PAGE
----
A group of 100 prominent Black men have signed a statement of solidarity calling on presumptive Democratic presidential nominee Joe Biden to select an African-American woman as his vice presidential running mate.
The group, which stretches across several fields includes rap empresario Sean “Diddy” Combs; radio personality Charlamagne Tha God; film producer Will Packer; Oklahoma City Thunder guard Chris Paul; University of Virginia medical school dean Marcus Martin; North Carolina assembly member Derwin Montgomery and commentator Van Jones among many others.
Biden said months ago that his vice presidential pick would be a woman and he is expected to make an announcement of who his choice will be this week, ahead of the Democratic National Convention in Milwaukee.
Several Black women are among those said to be on Biden’s shortlist including California Sen. Kamala Harris, former Obama administration national security adviser Susan Rice; Florida Rep. Val Demings, California Rep. Karen Bass, and voting rights advocate and former Georgia gubernatorial candidate Stacey Abrams.
But the group of men, who made the joint statement in solidarity with 700 Black women who also signed a letter calling for a Black woman vice presidential nominee, called out what they said was unfair criticism of the Black women being considered for the position.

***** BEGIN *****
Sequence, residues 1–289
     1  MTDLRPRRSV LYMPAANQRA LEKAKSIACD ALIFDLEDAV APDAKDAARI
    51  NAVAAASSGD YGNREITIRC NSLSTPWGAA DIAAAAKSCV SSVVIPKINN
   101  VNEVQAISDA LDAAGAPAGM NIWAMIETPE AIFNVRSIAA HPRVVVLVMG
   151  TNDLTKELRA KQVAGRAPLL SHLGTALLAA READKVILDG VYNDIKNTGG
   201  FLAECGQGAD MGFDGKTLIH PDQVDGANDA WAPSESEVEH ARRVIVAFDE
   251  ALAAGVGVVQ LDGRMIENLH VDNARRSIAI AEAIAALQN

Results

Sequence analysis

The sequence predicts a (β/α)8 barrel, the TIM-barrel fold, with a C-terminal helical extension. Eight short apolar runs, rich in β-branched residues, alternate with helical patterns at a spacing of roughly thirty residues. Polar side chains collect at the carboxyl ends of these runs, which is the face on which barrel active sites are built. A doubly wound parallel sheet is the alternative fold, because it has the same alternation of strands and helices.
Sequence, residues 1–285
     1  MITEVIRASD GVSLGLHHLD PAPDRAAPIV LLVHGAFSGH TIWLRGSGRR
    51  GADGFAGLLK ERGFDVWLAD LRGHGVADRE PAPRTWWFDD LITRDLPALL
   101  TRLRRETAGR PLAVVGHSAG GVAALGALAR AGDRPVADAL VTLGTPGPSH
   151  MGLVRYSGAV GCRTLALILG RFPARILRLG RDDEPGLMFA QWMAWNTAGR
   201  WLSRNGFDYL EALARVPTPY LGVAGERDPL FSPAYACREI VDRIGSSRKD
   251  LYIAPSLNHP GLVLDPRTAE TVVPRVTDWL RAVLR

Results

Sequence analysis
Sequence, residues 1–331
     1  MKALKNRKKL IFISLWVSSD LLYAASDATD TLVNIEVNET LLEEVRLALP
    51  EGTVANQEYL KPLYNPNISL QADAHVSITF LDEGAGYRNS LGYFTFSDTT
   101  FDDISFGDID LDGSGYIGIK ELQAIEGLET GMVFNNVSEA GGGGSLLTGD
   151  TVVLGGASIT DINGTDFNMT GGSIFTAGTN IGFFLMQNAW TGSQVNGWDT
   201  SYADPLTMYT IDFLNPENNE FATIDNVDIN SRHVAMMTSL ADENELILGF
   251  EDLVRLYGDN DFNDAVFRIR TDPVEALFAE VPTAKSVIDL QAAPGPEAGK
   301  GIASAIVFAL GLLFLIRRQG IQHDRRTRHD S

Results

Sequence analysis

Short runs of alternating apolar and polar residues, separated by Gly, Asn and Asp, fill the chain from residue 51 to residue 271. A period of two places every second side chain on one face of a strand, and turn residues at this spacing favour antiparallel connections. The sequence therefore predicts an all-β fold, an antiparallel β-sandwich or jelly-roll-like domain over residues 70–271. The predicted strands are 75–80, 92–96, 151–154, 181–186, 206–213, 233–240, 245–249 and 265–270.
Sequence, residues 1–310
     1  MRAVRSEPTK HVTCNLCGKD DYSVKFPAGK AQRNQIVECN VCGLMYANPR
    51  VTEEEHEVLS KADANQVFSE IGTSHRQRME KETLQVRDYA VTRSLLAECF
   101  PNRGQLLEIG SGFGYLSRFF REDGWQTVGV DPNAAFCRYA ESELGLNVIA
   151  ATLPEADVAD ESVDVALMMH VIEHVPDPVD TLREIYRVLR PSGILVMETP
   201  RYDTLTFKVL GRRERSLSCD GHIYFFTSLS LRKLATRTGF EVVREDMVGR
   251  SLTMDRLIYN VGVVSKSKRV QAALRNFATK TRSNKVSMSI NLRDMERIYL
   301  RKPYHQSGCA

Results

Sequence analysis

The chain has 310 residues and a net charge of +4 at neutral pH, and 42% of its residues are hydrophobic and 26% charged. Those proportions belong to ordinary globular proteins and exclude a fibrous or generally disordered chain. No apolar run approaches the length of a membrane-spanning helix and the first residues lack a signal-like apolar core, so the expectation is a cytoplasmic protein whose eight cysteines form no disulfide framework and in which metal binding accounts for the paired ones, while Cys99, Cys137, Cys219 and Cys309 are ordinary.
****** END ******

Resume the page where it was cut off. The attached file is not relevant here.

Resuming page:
“Was Joe Biden ever labeled "too ambitious" because he ran for president three times,” the statement reads, in part. “Should President ObamaPnot have made him the VP because he had to worry about his "loyalty" when he clearly had AMBITIONS to be president himself? Why does Senator Kamala Harris have to show remorse for questioning Biden's previous stance on integrated busing during a democratic primary debate?”
The statement also saves some criticism for Biden himself, recalling his past record on issues critical to the African American community.
“Have Democratic Party leaders, allies, or donors ever required Joe Biden to show remorse for the 1986 or 1988 Anti-Drug Abuse bills, which established mandatory minimum sentencing and subsequently crack cocaine sentencing disparities, and by his own admission, led to mass incarceration? What about the 1994 Crime Bill,” the statement reads.
“Let’s be clear about the kind of remorse and reckoning that matters in 2020 when the Black community is still suffering the consequences for these oppressive measures,” it continues. “So, Black women are the only ones required to stay in their place and to show remorse for even questioning their own oppression?”
The statement warns that without the choice of an African American woman, Biden will lose the 2020 election.
“We don't want to choose between the lesser of two evils and we don't want to vote the devil we know versus the devil we don't because we are tired of voting for devils—period”